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I'm using the registered version of Profili which I assume is using the Xfoil NACA section generator rather than writing a new one. When I first heard about "1" in the third place designating a reflexed mean line I thought it was a dumb idea because it would lead to this. Since the original description of the 5 digit naming convention clearly states that the second and third digits should describe twice the [chord-wise position ] of camber, and computers are dumb, what do you do, add "unless the third digit is a 1"? What if somebody wants a 23112 with a strait line on the aft part. Granted that would be 1/2% and the polars are so close it's probably within normal building tolerances for a homebuilder, but still it's a valid number in the sequence. Have you tried generating an NACA 6 digit section? Each 6 digit can be 4 different airfoils depending on whether the third place is occupied by an "A" or a "-" and mean line "1" or "0". Since Xfoil is no longer being developed and Profili is essentially a user friendly shell for modelers with some functionality for rib layout and foam CNC cutters I don't expect the NACA section generator to be a priority item.

BTW for anybody who doesn't have the correctly drawn, reflexed, NACA 23112 here it is. It's a DAT file with the extension changed to make it acceptable to the bulletin board.
 

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Lemans

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It's no secret that I I’m a fan of the control-wing concept, I should be the lightest 'wings and control surfaces' - set-up available
to build a part103/SSDR ultra light.

Is the concept free of use? In other words, can I use freely the NACA23112 air-foil in combination with – around the spar- pivoting wings?
 

Norman

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Sorry about bumping this zombie, again, but it's been brought to my attention that the Nacag 231 12 is also not quite the same shape as the original set of coordinates in NACA-TR-537. It appears that the splining algorithms of the various software out there alter these antique airfoils to some extent and the result is that an NACA-23112 from one database will be slightly different than an NACA-23112 from another database depending on the software that each administrator uses to proses the old crude coords into a modern data file that CAD systems and 2D analysis software expect. To check how close my software is to the crude shape I typed the coords from NACA-TR-537 and cloned it twice so I could check it against the two splines available to me in this software [Xfoil\Profili]. The file name is "NACA-23112_btb". "btb" stands for "by the book". The two splines in this program are "interpolate" and "smooth" and the splined clones are underlined. As you can see in this screen shot of part of my database sorted by similitude they both alter the airfoil significantly.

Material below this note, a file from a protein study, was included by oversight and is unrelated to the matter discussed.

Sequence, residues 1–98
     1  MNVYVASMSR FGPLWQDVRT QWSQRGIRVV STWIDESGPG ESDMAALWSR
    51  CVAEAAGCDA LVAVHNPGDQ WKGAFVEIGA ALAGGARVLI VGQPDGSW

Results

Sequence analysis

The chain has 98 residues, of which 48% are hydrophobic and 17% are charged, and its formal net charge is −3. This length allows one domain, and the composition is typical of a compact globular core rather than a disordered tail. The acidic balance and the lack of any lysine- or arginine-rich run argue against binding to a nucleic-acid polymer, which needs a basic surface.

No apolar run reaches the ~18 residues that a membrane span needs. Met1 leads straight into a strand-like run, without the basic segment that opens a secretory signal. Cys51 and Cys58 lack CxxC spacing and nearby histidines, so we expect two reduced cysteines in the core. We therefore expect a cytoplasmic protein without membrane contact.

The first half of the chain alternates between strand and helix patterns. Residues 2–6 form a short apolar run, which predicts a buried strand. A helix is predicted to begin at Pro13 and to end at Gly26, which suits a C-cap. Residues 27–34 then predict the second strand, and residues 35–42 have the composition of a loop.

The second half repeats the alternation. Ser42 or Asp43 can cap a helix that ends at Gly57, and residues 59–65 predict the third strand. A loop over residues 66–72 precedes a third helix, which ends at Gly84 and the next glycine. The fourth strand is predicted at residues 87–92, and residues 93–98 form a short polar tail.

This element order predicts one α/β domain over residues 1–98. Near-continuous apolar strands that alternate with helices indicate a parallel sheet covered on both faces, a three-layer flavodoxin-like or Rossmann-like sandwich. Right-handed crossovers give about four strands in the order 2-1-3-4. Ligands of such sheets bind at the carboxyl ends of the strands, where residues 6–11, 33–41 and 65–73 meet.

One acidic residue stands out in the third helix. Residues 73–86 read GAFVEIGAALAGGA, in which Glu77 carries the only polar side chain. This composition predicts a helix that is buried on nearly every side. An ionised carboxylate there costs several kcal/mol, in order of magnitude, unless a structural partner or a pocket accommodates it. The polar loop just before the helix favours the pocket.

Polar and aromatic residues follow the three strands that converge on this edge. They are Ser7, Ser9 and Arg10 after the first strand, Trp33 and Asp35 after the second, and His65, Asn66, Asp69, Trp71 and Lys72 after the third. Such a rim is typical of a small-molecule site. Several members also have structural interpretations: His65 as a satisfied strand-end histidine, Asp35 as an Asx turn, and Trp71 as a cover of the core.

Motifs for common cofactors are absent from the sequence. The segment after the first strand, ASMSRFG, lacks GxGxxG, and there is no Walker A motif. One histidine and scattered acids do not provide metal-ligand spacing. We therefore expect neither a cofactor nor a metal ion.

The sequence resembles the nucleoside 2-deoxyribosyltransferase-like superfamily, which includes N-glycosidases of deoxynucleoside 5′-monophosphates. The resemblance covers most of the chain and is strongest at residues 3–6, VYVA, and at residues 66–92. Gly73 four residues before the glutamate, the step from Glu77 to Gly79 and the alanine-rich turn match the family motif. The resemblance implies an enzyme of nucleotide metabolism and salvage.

In fact they alter it more than the two sets of ordinates that I posted earlier in this thread. I have also included the leading edge template that Profili generated from the original coords. Obviously these coords need some sort of smoothing before a rib pattern can be created from them. At the time that they were made you would either use a set of ships curves (a giant french curve) or a flexible stick called a "spline" with weights called "ducks" to hold it in place while you traced the curve with a sharp pencil. These hand drafting techniques were only as accurate as the drafter's hand so different companies had slightly different versions of any given section. So from now on I'm going back to plotting old airfoils with polyarcs instead of splines. Unfortunately that's getting harder to do because CAD systems have all gon over to NURBS. The last program I know of that had polyarcs is Autocad R14 and even that had to be installed with certain "vintage" features turned on.

Here's the crude set of coords right out of NACA-TR-537. Well, hopefully, if the software didn't adjust something while writing the file:ermm:
 

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Retiree

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NACA Airfoil Coordinate Generator

This might be a good time to mention that NASA published a TM with a NACA airfoil coordinate generator, NASA TM X-3284. I do not know if it available online.
Hopefully this program will not disappear from the community memory.
Doug
 

Topaz

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Do these routines use the NACA method, or are they using the "corrected" method Riblett devised? Mostly applicable to the leading edge area, but if they're using the NACA method, they still have the problematic flattening of the effective mean line at the nose.
 

Retiree

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These routines predate Riblett's designs.
The reason I mentioned the NASA TM is as a source for the original coordinates.
I assume the only way to get info on Riblett's design is to buy his book. :silly: